In a further demonstration of the balance between Blizzard and the players, apparently anything went in the ERP guild - provided a clear content warning was posted at the top - apart from anything that even vaguely smacked of paedophilia. Apparently that was because although Blizzard turned a blind eye to most things, they had come down hard on a guild that had allowed paedophilia stories, and expelled all the players. Again, Blizzard shape what's allowed while the players attempt to push those boundaries.

There was a clear difference between erotic role play and cybersex. Erotic role play is for the characters. Players justify it with saying you make your character fight, kill, hate etc, so this just explores the other half of the spectrum with your character. Cybersex is aimed at the players behind the character. Hence the 'no one-handed typing' title, which was actually a quote from one of the participants in the study. People who use the ERP site to get themselves off were breaking the magic circle of the play (spoilsports in Huizinga's terms), and not welcomed.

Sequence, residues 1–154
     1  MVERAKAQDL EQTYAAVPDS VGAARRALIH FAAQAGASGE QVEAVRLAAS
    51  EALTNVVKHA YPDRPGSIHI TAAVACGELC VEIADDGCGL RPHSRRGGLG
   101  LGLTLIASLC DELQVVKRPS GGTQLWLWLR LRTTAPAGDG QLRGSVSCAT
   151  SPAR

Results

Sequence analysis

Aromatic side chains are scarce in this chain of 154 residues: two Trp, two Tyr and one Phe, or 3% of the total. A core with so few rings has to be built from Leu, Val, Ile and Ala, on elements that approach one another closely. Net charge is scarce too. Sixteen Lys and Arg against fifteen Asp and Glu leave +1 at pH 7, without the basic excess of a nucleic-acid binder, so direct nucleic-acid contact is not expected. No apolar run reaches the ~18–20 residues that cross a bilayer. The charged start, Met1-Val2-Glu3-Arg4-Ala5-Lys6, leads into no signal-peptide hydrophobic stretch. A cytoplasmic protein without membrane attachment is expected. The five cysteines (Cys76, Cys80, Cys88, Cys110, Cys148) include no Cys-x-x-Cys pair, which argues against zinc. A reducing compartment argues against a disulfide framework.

Fascinating talk from an unexpected angle. Also kept getting mentioned throughout the rest of the conference. Seemed like the only thing that can get games researchers jealous is researching sex and games together!

Multi.player 2011 - Mark Griffiths Keynote

Keynote presentation at multi.player 11 by Mark Griffiths (Nottingham Trent University). Full title: "Online gaming addiction: Does it really exist?".